Our scripture lesson takes place after the parade and after the excitement of the Palm Sunday parade event.  In past years we have marked this occasion on Thursday, Maundy Thursday.  Today, we will move from the parade of Palm Sunday into that last night, that last meal Jesus shared with his disciples.  Yet, before the meal gets underway, we hear this exchange between “Judas Iscariot and the chief priests as Judas asks what they would give him to betray Jesus.”  “They paid him thirty pieces of silver.” /Matthew 26:15/ At the meal that last evening, Jesus confronts Judas, and his betrayal is exposed.  Yet, Jesus goes forward with the meal with all twelve disciples, handpicked by Jesus, as Jesus blessed the bread and the table drink.  Would you let someone who has betrayed you, would you allow that one to sit and eat with you?  Jesus has always done the surprising, especially, as he fulfills his destiny… his ‘calling’ as the Son of God.

Each of us here this morning, each of you that are listening to this broadcast, we must learn to sit with our enemy.  Our enemy is a virus, which we do not understand.  A plaque has turned our very lives upside down.  We are told to not gather as a community above ten persons, and to stay six feet apart.  Consequentially, we are gathered like this, via a recording on a website or live on this Facebook feed; either way we do so in the company and presence of this enemy, which we cannot see.  It is amongst us, in some form and we are forced to face its reality.  Yet, we are still called upon to be in the fellowship of those who came before us, like Jesus and the disciples; even as this enemy, this opponent is here with us.  We have been betrayed by our false self-reliance and forced to accept and admit our helplessness in the face of this antagonist.  Surely, our faith will now allow us to break bread with Jesus; let us pray we shall trust in God’s promise.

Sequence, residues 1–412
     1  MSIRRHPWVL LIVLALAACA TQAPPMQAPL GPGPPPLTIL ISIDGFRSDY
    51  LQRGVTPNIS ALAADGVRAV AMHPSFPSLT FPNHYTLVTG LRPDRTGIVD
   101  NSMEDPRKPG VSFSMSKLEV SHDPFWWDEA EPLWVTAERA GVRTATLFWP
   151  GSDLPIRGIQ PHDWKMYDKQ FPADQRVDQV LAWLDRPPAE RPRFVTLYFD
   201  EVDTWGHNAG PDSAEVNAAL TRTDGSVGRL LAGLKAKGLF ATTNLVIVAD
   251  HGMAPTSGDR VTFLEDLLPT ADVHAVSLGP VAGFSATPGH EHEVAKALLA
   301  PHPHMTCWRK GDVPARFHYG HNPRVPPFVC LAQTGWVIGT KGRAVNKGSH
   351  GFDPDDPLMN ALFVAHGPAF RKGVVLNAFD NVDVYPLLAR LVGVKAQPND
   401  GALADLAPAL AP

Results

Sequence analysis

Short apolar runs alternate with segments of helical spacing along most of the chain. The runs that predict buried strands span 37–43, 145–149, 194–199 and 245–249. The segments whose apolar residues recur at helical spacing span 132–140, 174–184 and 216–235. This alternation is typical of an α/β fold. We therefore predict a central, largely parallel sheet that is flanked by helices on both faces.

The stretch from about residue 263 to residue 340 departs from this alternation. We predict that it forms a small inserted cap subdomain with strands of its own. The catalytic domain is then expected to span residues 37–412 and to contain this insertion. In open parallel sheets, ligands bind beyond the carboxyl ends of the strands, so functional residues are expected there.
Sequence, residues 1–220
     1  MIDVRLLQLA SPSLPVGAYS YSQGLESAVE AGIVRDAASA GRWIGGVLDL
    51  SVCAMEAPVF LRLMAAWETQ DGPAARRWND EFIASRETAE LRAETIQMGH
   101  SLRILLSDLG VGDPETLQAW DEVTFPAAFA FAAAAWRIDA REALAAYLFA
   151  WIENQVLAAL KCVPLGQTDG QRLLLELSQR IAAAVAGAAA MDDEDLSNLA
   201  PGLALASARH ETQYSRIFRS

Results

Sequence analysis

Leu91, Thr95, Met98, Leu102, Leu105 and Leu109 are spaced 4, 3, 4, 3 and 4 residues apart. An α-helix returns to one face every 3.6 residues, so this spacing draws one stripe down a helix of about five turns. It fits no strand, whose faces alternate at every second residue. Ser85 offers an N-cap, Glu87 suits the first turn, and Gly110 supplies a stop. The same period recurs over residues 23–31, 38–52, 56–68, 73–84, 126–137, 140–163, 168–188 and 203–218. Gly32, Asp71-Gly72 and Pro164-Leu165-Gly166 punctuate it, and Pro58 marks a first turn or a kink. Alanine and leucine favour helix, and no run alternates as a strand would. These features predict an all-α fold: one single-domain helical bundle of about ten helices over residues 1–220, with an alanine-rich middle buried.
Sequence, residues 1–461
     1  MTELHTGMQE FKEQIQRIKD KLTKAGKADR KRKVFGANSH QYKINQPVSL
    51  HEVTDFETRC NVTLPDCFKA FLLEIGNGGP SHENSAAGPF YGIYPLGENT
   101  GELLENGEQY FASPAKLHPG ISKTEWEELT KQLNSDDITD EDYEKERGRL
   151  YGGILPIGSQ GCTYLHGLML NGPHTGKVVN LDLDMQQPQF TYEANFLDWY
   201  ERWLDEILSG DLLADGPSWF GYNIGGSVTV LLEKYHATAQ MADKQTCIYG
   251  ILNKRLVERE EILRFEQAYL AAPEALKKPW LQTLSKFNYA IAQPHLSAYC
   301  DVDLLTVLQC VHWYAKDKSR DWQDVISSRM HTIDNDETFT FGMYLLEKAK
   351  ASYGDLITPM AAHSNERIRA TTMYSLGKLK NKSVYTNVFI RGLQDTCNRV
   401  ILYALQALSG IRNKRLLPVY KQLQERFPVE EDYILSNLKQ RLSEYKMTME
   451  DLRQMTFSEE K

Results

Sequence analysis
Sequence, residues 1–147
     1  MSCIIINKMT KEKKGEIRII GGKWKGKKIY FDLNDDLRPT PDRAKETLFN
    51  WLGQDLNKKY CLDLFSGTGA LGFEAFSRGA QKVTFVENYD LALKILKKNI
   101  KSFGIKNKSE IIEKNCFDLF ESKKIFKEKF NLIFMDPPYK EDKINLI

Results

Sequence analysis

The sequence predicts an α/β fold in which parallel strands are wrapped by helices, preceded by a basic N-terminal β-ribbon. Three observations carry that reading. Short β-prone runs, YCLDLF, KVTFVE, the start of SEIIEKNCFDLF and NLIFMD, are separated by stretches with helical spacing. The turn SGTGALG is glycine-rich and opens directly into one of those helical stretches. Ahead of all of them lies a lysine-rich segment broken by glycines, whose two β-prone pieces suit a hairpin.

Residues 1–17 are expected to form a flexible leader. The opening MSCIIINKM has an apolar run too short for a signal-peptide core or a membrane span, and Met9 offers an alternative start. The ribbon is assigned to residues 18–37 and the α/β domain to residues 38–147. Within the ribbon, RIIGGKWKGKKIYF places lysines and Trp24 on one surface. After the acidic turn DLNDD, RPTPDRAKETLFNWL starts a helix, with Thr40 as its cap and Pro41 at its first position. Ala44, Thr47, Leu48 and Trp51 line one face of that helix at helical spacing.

Yes, we all are invited to the table, the communion table is set before us this very day.  Allow yourself, let us allow ourselves to be with Jesus and his disciples.  Let us do this together the next time we partake of a morsel of food, bread or crackers, whatever the sustenance, the nourishment, the food which we have in front of us.  Giving thanks to God for that which shall be our daily bread.  Giving thanks as we bite into it, being reminded of Christ’s blessing to us, one and all.  “The bread of new life” goes through our hearts and minds as we remember the blessing, the promise of life everlasting with our Creator God.  The forgiveness of our wrong doings are washed away as we ask for forgiveness of our personal sins.

Then, as we pick up our tumbler filled with the chosen table drink, again giving thanks to our Creator, we drink of it as we feel the blessing of Christ fill our hearts; the Living Spirit of Christ washes over us.  With this sense of forgiveness and newness we give thanks to God for the privilege of this holy meal.  In the same way Jesus dined with his betrayer, we also shall go forward with our daily lives, knowing that this new enemy, shall not stand between us and the fullness of God’s eternal life.  In the stillness of the moment, we can take time to give thanks for the fullness of the meal, the invitation to dine with Christ, sharing the fullness of life which is offered and bestowed upon us.  Through this holy meal, we join with millions upon millions of like-minded Christians, whether orthodox, conservative, mainline or progressive in our understanding of theology.  Through Christ we are all one!